Single-vehicle accidents are those in which only one vehicle sustains damage, even if other vehicles are involved. In 2017, 40 percent of passenger vehicle deaths in traffic accidents occurred in single-vehicle crashes, as did 53 percent of occupant deaths in SUVs and 58 percent of occupant deaths in pickup trucks.
While it is often assumed that the driver of the single vehicle involved in the crash is defacto at fault, this isn’t always the case. There are many ways in which a single vehicle accident can be caused by the actions or negligence of others. Here are some single vehicle accident scenarios along with potential sources of liability:
- You’re driving down the road when someone suddenly pulls out in front of you. To avoid a collision, you veer to the side and crash into a utility pole instead. The other driver is liable for your accident, as he or she pulled out in front of you.
- While driving on the freeway, the brakes suddenly go out in your car. To avoid having an accident with someone else, you swerve off the road and go into a ravine. If your brakes were defective, liability for your accident may rest with the manufacturer of the brakes. If you recently had work done on your vehicle, the liability could fall on the shop where you had the work done.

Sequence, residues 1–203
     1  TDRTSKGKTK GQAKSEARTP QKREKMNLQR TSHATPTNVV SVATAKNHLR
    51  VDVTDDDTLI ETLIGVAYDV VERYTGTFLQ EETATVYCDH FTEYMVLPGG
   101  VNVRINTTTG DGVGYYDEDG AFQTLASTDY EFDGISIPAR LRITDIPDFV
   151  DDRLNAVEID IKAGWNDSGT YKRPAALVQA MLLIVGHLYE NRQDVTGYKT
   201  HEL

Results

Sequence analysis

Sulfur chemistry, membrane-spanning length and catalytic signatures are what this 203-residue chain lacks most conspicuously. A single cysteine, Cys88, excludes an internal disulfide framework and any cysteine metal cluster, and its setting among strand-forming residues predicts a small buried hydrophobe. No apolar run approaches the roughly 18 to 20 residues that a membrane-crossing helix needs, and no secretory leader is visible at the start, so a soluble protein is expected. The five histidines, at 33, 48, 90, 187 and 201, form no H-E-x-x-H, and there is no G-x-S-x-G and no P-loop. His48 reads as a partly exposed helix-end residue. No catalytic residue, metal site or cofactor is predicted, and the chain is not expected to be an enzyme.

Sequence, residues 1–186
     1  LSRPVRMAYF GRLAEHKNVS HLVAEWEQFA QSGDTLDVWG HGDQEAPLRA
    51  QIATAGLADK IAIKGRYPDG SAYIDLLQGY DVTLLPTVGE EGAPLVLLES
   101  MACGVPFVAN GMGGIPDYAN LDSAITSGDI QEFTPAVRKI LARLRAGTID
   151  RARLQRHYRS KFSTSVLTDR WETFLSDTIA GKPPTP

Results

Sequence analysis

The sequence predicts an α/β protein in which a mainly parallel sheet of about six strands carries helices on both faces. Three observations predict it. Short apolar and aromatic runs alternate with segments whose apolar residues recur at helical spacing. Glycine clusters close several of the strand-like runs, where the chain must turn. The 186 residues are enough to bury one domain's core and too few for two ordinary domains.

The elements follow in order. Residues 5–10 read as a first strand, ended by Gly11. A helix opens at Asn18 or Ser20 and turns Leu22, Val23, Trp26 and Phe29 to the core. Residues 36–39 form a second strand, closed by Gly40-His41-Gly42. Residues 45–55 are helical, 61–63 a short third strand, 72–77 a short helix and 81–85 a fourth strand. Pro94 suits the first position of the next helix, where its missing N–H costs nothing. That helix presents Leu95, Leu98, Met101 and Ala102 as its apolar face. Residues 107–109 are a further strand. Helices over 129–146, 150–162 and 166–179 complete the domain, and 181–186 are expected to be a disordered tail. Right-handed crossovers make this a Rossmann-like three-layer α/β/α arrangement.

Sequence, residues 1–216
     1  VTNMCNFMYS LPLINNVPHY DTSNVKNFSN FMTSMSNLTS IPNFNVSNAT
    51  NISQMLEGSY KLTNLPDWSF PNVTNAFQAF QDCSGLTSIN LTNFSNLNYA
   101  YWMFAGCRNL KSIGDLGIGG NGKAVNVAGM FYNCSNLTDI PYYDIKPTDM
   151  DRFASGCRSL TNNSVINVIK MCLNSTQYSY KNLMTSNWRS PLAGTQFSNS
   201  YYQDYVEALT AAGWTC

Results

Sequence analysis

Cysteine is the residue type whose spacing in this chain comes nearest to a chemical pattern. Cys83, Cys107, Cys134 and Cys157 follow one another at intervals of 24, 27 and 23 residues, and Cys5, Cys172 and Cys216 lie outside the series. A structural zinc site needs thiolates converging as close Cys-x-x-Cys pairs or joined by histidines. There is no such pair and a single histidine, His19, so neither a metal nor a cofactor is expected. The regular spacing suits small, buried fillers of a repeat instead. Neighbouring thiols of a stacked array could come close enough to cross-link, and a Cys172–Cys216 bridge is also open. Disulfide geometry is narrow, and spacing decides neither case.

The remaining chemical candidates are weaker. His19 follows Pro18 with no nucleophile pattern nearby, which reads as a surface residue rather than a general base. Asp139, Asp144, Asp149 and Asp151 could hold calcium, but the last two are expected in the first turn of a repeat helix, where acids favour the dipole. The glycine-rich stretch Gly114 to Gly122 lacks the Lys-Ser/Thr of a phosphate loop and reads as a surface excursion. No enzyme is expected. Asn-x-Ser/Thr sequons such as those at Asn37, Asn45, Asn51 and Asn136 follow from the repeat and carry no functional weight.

As you can see, there are many ways that an individual or entity can be held liable during an accident. An experienced car accident attorney will help you to identify all potentially liable parties, which will provide you with the best chance to recover damages in accidents caused by the negligence of others. Proving negligence is key to a successful outcome to your personal injury claim. To establish negligence, you must prove the following:
- The at-fault party owed you a duty of care. This duty is often as simple as operating his or her motor vehicle in a safe and lawful manner.
- The at-fault party breached this duty, and the breach resulted in an accident.
- The accident caused damages to you, including medical expenses and damage to your car.
By contacting an experienced car accident lawyer they can help you understand your legal options, including whether you are eligible to file a lawsuit. Call the Levin Firm today for a free consultation.